Rising to a sitting position on his couch one day, after a more than usually vigorous denunciation of Home Rule, he burst forth, "Old as I am and ill as I am, the strength will be given to me to take that musket," pointing to an old gun on the wall, "and carry it across to Ireland to join the ranks of the loyalists."

Two portraits are the result of my visit to Hindhead. One was presented to the National Portrait Gallery by Mrs. Tyndall, and the other she retained. She thought she gave the best one to the nation, but I preferred the other.

Mrs. Tyndall made my visit agreeable and interesting. We drove to many places in the neighbourhood—to the James' really attractive rock garden, to hear Mr. Jackson play on his great organ.

My friend Walter Tyndale then lived in Haslemere, and I often walked down to the village to see him. He was, and is, an ardent Home Ruler. It was Walter Tyndale who, at the Grey House, Hornton Street, first discussed the question with me, and it was then that I instinctively took the side of Ulster. How could I help it? Two of my grandparents were born near Ballymena, in County Antrim.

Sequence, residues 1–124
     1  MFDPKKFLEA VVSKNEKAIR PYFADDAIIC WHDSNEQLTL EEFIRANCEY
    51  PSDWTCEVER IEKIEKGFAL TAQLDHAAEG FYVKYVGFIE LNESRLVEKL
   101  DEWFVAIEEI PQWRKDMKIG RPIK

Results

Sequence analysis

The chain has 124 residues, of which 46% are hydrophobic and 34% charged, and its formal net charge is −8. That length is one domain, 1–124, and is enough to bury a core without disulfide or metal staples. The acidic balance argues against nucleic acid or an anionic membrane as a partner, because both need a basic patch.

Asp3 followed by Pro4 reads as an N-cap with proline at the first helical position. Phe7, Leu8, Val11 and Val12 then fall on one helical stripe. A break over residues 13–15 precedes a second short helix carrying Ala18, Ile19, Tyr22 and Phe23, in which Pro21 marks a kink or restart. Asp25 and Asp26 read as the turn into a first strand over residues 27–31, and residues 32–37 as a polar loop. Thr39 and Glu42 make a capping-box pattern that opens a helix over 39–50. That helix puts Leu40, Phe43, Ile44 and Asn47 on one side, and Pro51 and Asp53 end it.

1. The following story of Dorothy Drew, aged eight, will perfectly illustrate this difference in emotion. She was devoted to a certain young doctor staying at the Castle. Her mother said to her, "How do you love him? Is it 'love' or 'in love'?" "Oh, it's love," the child replied. "What is the difference?" said her mother. "Love is being friends like I am with Mrs. Toiler—'in love' you change."